Yesterday’s hearing on VA Accountability by the House Committee on Veterans’ Affairs Subcommittee on Health produced no major public pressure on the VA, as I commented in this blog yesterday.
The only major media entity to cover the hearing was ABC News Radio. That report is linked here:
It was written by The Center for Investigative Reporting reporter Aaron Glantz and ABC News Senior Producer Teri Whitcraft. They are the same two who wrote the report seen on ABC World News Tonight on February 25, 2014, as previously noted in this blog.
Props to these two reporters for doing some good follow up. What is heartening is that Subcommittee Chairman Dan Benishek was quoted in yesterday’s ABC News Radio report as being skeptical of VA’s explanation at the hearing that the problem of pain treatment and opiates is under control, saying, “ VA still has a lot of explaining to do on how this problem escalated in the first place and why it’s taken so long to do anything about it.”
But the VA also has a lot of explaining to do about a lot more:
1. Why aren’t the 2010 clinical practice guidelines for the use of opiates in pain control being followed?
2. What are you doing specifically to get VA physicians to follow your own practice guidelines?
3. Can’t you use your much heralded electronic record system to monitor whether or not practice guidelines for opiates are being followed? If not, why not?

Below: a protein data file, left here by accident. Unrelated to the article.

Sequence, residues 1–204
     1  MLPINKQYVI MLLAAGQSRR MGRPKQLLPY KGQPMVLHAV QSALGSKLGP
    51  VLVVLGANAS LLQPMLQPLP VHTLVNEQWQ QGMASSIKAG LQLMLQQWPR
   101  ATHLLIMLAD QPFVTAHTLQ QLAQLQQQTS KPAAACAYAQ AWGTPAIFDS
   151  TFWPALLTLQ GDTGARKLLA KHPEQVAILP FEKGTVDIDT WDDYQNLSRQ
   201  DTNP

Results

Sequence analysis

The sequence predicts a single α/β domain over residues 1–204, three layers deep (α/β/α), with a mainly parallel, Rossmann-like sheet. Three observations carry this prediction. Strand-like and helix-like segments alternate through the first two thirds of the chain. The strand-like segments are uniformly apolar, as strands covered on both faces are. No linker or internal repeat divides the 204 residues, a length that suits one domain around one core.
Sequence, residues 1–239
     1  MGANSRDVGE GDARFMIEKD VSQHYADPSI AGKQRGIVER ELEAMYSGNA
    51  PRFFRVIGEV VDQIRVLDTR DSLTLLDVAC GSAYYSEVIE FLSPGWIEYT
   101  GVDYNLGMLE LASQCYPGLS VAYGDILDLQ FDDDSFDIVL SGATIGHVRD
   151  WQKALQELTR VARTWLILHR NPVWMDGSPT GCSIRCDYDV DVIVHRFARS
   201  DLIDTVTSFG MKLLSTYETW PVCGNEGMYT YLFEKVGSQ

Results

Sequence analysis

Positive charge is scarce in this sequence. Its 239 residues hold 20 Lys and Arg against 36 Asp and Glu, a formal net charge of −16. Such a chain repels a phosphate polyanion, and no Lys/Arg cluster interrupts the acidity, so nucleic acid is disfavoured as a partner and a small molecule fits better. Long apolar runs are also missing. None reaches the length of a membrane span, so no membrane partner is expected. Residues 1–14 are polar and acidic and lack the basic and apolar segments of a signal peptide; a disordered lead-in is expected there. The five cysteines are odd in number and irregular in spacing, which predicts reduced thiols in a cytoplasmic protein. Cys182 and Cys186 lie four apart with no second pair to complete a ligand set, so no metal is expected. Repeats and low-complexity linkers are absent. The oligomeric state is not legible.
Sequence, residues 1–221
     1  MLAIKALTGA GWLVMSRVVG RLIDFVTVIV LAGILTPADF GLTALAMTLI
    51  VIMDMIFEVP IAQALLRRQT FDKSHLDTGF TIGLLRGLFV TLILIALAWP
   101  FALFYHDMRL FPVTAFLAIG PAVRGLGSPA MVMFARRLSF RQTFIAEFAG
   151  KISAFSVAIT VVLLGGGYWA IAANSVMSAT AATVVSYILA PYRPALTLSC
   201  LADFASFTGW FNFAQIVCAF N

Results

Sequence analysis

4. What were your staff pharmacists doing while all these opiate prescriptions were being dispensed?
5. Why have you fired physicians who didn’t follow administrator’s orders to dispense opiates against their better medical judgment? What are you doing to investigate these physicians’ allegations?
I was heartened by one part of VA’s Under Secretary for Health Robert Petzel’s written statement which was posted on the Subcommittee’s website after the hearing. He said that “Whenever clinically feasible, the concomitant use of opioid and benzodiazepine medications should be avoided.” Now let’s see if he can get that rule to be followed by the VA medical, nursing, and pharmacy staffs. I guess that will be a function of what is meant by “clinically feasible.”
I was disappointed by how the major print and electronic media largely failed to report this story. The Wall Street Journal and the New York Times were silent. The Wall Street Journal today devoted page 1 space to a military story – the Marines allowing soldiers to roll up their sleeves and bare their forearms.
I guess that is a more important story than thousands of veterans being addicted to opiates through no fault of their own.
And the New York Times: What’s their excuse? It’s not news fit to print? Perhaps Seth Rogen and Ben Affleck testifying on Capitol Hill yesterday were a big distraction.
And what is Fox News’ excuse? They always appear to wrap themselves in the American flag and stand for veterans. I wish Fox would tell us why this story is not newsworthy.
But then so should CNN, NBC, and MSNBC. They have all been MIA.